A monument to Lenin
Thursday, 13 June 2024 22:59

A monument to Lenin

Published in Cultural Commentary

On Wednesday, 30 October 1929, the following article was published in the German Frankfurter Zeitung, translated into German by M. Schillskaya from a Soviet newspaper. The original Russian article had appeared following the 5th anniversary of Lenin's death in that year. It inspired Bertolt Brecht's poem 'The carpet weavers of Kuyan-Bulak honour Lenin'. To mark the 100th anniversary of Lenin's death, I have translated the article here into English for the first time since it appeared 95 years ago. Brecht's poem follows the article.

Just as Brecht let the newspaper report speak for itself, we will do the same, in memory of Lenin's power.

A monument to Lenin

There were once many fertile steppes in Fergana.
Around Syr-Darya, rich fields spread out.
Wheat, barley, oats and rice flourished there.

Even now, the skies around Fergana are bright and the gardens there are shady and cool. Gardens and steppes fall like blue waterfalls into the sandy desert, the desolate solitude and the poisonous swamps. This region was once the scene of great migrations of peoples, giant cities surged here, merchants, cobblers and kings lived in large dwellings. Young men made love tempestuously, Khans fought each other, and old men died peacefully. Now sand swirls and trickles here, blowing away the traces of the peoples and the last sad remnants of the hearths. Winds come from the Caspian Sea, hares are sucked in by the swamp, and the mosquitoes swarm over these marshes, more powerful than birds of prey. Once a fortnight the train comes through the Kuyan-Bulak railway station.

It whistles in the distance, emits hoarse cries at the sharp bends behind the sand drifts, or trills young and adventurously. The stationmaster then puts on his new cap and goes out to set the signal for entry. If the locomotive shouts young and shrill, it means that it will speed past the small Kuyan-Bulak station, leaving only a little smoke and a whiff of long distances on the platform. But if she screams hoarsely and with the last of her strength, you know that the train will stop in Kuyan-Bulak. It will bring water, hope and news. Then the whole of Kuyan-Bulak gathers on the platform. The cobbler Vasily Solntse and the community leader’s wife in an antediluvian smock, Semen Nikitish Trobka and the Red Army soldiers, white-blonde, light-coloured northerners. Two cisterns form the tail of the hoarse train, they bump against each other with their buffers, carefully painted with red oil paint, they bear the inscription “For petroleum”, but underneath it is written in chalk “For drinking water”. This water is intended for Kuyan-Bulak and should last for a fortnight. It always smells of petroleum, but everyone has got used to it and no longer notices it. Water without this odour would seem strange and unclean to the inhabitants of Kuyan-Bulak. They think that all water on earth tastes of petroleum and iron rust. The stokers and labourers of this slow train adjust the buffers for a long time, rattle chains, swear, smoke machorka and for some reason crawl under the train. The inhabitants of Kuyan-Bulak watch them with glee and never-ending curiosity.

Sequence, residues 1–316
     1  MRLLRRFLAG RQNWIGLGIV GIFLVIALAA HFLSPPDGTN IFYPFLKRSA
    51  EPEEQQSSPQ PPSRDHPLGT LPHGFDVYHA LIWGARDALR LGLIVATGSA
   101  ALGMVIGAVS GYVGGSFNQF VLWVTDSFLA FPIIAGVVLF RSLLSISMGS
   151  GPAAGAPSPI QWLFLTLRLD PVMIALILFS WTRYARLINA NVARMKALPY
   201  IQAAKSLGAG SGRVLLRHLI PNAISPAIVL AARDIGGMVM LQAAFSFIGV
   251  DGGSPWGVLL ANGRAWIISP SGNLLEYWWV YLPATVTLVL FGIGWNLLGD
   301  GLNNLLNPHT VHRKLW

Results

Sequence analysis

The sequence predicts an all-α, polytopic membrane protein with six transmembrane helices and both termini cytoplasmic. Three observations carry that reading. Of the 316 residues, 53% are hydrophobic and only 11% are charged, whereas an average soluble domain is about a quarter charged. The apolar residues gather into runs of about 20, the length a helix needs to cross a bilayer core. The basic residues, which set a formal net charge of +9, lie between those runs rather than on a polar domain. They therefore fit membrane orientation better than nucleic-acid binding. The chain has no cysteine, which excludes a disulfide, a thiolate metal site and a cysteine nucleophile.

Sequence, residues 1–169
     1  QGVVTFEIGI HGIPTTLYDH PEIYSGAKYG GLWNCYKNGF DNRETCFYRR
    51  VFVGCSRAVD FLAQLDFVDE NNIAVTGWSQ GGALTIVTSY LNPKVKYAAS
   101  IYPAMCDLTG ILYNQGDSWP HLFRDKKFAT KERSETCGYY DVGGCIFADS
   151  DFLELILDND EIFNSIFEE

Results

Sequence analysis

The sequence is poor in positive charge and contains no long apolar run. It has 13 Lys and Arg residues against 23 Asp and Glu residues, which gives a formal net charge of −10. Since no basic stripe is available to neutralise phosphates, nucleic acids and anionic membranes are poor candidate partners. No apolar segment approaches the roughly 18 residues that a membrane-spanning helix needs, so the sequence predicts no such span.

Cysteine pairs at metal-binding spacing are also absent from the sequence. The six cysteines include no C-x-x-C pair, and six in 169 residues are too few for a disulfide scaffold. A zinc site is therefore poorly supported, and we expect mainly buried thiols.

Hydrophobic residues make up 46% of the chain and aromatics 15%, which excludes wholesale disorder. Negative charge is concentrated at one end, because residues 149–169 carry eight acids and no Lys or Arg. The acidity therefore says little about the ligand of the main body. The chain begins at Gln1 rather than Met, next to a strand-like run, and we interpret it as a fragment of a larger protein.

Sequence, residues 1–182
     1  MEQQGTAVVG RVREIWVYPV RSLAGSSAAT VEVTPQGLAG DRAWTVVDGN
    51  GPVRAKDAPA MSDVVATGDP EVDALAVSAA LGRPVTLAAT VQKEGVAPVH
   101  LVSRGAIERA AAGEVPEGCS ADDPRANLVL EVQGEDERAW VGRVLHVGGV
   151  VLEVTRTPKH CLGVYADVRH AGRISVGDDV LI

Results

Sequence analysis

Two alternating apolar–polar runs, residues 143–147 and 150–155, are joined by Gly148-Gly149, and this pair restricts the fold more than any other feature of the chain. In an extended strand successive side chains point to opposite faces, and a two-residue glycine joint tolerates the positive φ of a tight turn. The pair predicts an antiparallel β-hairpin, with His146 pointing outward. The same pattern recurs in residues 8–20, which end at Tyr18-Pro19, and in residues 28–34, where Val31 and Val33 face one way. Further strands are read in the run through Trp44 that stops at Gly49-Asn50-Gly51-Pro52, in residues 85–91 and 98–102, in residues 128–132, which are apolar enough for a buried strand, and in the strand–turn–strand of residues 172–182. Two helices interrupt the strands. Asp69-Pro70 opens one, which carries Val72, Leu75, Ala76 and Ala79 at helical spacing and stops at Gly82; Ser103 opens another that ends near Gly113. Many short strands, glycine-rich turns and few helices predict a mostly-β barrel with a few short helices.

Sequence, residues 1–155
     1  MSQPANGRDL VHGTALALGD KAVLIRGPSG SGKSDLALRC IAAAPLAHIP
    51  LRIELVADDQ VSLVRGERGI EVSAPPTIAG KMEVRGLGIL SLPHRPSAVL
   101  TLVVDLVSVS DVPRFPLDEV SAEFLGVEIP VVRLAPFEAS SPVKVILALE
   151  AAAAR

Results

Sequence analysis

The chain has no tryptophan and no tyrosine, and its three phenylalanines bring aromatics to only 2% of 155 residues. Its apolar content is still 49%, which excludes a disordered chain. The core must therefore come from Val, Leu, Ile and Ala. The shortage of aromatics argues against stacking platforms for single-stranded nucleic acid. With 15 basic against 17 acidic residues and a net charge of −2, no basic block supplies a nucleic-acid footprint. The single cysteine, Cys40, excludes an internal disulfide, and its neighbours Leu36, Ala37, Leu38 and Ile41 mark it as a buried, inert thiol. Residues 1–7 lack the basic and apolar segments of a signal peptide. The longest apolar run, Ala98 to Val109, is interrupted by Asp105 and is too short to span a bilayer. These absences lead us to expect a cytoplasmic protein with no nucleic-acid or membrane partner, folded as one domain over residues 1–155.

Then the train moves on. The other train with the young, fresh voice races past, behind its windows lie strange, distant worlds as though in a fog. You only catch glimpses of blurred faces, suitcases and teapots. Sometimes you are lucky and catch a phrase of a song, but everything immediately scatters in the wind. The cobbler Vasily Solntse gazes after the train for a long, long time, his eyes glued to the railway tracks, to the steel lines of human migration. The stationmaster and the cobbler Vasily, the stationmaster’s wife in her antediluvian smock, Semyon Trobka and the Red Army guards, they all go home again. The station is quiet once more, there are few people here, the sky is bright and the swarms of mosquitoes are very large. Solntse the cobbler goes into his house, where behind the smoke-engulfed geraniums in the window, there are lots of pickled cucumbers, mandolin leaves and, for some reason, a mass of empty ammonia bottles.

Semyon Trobka has left the platform and sees Agripina Ivovna, the stationmaster’s wife, in the window. She is staring at the tracks and has wrapped herself in her dressing gown, decorated with birds, clouds, horsemen and flowers. She is freezing, shaken by fever as if she were sitting in a farmer’s cart. The white-blonde, fair-skinned Red Army soldiers are lying on their plank beds and chattering teeth can be heard from all the plank beds. They came here a year ago to protect the station from raids. They are all strong, giant Russian blokes, but they all suffer from the same illness - homesickness. When they have their attacks, they hunch over and all dream of the large, pale green meadows around Sudali (there may be a print error here, or else the town no longer exists) or Kaluga. They are also suffering from malaria, common in such places.